First—and it’s at the basis of everything related to weight loss—this is a journey best measured in months and years, not weeks or days. As I often tell my clients with weight loss goals, it’s okay to think big (“I want to lose 50 pounds”) if you also think long term. The trick is to set short-term SMART goals that add up to that long-term one.
That said, the topic of this blog is belly fat, its health effects and suggested counter strategies. Belly fat, or visceral fat stored around the abdomen and internal organs, is linked to increased risk of Type 2 diabetes, cardiovascular disease, high blood pressure, and the suite of obesity-related conditions known as “metabolic syndrome.” (Here’s a short clip that further describes visceral fat; caution for gross factor). Therefore, a person with an “apple” shape from belly fat faces greater health risks than someone with a “pear” shape, where fat is stored in the hips, thighs, and buttocks.
Genetics plays a strong role in how our bodies preferentially store fat. Indeed, we store fat where we are genetically predisposed to deposit it, and we add to fat stores through what we eat and how our bodies use those calories. Although exercise cannot directly target certain areas for fat reduction, strength training CAN help reduce belly fat even when overall body weight holds steady (Special Report, Supplement to Mayo Clinic Health Letter, “Weight loss, new understandings, better results,” November 2015). So while it is nearly impossible to turn an apple body into a pear or some other shape, it is possible to create a slimmer apple (or pear). Other good news: when we lose weight, belly fat tends to be lost at a rate higher than fat elsewhere in the body.
Which brings us back to exercise. Continuing to exercise after losing weight helps prevent you from regaining belly fat. Let that sink in, because it’s important and tends to be one of the habits of people who have lost a lot of weight and kept it off. Diet may be more important initially, but it really is the combo of diet and exercise (reducing caloric intake and increasing physical activity) that works best to reduce that tire around the middle and keep it off. Here’s some other good ideas:
- Avoid added sugar, especially fructose-heavy sugars in soft drinks, cereals, convenience foods, etc. Excess fructose overwhelms the body’s ability to use it as energy; those extra calories get stored as, guess what, fat!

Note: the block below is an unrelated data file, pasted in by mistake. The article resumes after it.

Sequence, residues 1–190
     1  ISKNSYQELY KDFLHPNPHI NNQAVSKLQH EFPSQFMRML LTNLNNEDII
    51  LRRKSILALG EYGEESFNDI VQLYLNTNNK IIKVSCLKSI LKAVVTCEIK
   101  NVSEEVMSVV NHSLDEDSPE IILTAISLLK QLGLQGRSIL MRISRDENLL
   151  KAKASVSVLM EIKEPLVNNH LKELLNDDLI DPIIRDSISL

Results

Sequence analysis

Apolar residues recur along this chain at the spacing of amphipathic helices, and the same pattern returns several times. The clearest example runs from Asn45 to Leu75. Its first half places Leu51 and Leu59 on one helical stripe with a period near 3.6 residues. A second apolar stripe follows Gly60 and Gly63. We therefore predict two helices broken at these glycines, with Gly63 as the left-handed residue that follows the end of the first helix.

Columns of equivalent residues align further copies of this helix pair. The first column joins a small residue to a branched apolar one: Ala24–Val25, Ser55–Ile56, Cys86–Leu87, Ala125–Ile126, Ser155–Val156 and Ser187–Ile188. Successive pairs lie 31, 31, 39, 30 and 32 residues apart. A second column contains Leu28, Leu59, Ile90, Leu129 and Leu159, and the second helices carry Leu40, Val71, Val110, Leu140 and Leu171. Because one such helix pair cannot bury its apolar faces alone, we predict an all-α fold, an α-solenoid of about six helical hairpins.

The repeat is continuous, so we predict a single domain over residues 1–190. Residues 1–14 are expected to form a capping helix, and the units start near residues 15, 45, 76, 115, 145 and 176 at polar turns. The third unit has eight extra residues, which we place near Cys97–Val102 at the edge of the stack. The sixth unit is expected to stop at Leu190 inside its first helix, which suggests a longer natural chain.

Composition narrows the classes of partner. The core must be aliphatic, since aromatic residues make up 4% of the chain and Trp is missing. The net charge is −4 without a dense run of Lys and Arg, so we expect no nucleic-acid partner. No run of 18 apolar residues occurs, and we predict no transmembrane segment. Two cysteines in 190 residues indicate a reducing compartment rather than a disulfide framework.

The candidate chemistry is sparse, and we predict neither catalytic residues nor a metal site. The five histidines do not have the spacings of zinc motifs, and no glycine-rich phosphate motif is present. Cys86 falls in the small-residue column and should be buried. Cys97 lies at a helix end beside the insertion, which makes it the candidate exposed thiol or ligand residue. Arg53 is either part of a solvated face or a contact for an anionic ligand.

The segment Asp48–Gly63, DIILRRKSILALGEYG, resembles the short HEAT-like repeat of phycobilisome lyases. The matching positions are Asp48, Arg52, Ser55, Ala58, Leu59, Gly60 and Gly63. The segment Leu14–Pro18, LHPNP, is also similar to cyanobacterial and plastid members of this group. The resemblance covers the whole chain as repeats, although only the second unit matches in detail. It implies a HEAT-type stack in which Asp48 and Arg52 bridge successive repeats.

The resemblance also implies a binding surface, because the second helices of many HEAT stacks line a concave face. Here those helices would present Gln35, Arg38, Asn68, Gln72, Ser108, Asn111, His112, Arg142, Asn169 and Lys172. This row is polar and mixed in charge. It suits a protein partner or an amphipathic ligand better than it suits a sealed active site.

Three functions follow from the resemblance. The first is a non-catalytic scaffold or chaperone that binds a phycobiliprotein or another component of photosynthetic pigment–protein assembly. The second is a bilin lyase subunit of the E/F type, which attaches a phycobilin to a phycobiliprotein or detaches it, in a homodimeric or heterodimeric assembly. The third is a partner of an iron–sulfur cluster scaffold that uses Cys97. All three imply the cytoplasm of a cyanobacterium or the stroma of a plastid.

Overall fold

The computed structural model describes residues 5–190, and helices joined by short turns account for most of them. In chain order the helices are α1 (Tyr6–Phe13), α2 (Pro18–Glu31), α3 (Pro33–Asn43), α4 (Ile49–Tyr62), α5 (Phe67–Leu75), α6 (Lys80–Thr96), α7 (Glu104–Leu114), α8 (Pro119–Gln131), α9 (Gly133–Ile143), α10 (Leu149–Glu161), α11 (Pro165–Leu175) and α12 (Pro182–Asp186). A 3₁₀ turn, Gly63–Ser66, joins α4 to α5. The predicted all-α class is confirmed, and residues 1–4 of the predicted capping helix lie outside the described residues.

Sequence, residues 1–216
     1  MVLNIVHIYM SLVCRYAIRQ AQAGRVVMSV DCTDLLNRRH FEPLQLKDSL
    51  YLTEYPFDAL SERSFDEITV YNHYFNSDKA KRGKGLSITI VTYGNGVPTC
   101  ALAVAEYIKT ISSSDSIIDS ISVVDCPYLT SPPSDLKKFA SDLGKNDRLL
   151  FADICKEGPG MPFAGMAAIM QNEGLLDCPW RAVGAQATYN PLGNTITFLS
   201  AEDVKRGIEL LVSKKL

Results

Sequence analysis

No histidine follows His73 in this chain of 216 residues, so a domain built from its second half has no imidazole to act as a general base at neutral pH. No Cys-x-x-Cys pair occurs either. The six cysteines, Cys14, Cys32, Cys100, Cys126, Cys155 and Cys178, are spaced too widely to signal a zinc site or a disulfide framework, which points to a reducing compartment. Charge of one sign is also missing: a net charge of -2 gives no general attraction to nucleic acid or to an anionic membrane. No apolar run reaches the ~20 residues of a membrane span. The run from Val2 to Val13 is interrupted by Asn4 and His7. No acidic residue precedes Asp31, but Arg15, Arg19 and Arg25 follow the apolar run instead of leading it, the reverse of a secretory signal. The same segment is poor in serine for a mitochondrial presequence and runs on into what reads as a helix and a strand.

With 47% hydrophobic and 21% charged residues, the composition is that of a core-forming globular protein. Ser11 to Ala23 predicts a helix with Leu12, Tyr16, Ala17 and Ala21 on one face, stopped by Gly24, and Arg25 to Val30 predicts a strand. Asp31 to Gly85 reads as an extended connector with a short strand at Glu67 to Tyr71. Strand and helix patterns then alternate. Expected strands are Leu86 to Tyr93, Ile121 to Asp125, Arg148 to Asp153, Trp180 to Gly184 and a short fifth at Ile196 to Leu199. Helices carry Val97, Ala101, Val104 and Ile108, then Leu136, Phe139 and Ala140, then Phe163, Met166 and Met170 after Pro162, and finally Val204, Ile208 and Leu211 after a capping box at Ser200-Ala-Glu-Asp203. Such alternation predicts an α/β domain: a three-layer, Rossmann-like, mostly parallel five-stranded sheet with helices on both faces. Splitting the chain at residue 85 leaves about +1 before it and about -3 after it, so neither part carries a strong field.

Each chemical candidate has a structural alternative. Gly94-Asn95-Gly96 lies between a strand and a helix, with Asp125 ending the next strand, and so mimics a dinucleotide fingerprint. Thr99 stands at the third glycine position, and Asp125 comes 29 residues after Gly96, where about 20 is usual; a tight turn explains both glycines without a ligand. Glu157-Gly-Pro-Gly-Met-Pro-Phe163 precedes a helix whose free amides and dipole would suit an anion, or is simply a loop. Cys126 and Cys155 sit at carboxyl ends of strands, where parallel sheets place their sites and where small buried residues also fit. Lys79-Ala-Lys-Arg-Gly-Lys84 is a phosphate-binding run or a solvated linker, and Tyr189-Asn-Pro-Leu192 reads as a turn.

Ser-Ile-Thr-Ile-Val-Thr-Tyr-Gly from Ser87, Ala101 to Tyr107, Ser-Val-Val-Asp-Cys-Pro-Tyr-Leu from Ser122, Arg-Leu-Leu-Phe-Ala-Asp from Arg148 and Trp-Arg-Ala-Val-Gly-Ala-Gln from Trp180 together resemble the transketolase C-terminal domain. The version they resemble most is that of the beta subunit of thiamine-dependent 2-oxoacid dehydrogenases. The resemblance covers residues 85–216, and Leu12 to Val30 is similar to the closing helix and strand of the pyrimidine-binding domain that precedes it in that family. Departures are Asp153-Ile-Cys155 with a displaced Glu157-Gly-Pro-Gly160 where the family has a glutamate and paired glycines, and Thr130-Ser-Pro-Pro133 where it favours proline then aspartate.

- Avoid excess alcohol. When you drink alcohol, the liver burns alcohol instead of fat. Alcohol calories are also easy to overdo. A typical beer has 150 calories – so drinking several in one sitting can lead to serious calorie overload. As with fructose, the liver turns more than it can burn into visceral fat.
- Eat more fiber. Although fiber is not magical for its fat-burning properties, it helps you feel full without adding a lot of extra calories to your diet. A 2001 review of published studies found that adding 14 grams of fiber daily prompted a 10% decrease in calorie intake and a weight loss of 4.5 lbs over 4 months. (). To get more fiber, eat more plant foods like vegetables and fruit; legumes are also a good source, as are whole grains like oats.
- Move more. Surprise! Shoot for at least 150 minutes of moderate exercise each week, more if you want to lose weight. Brisk walking is great. Work up to 30 minutes a day gradually. Be consistent and spread it out over the week. Perhaps even more important, find ways to simply move more as part of your life: park farther away, take the stairs, get off that chair every hour, pace during phone calls and commercials, etc.
- Train with weights or your own body weight. Cardio alone will not target stubborn fat deposits. Muscle tissue burns calories; fat tissue stores them. A comprehensive strength-training program helps build more lean muscle mass, which increases your basal metabolic rate so you burn more fat even at rest. Lift weights or do other forms of resistance training at least twice a week. You have to be consistent to see real results.
That’s it for now. The next installment of “Eschewing the Fat” will address metabolism and aging. ‘Til then,
–Keep movin’, Jen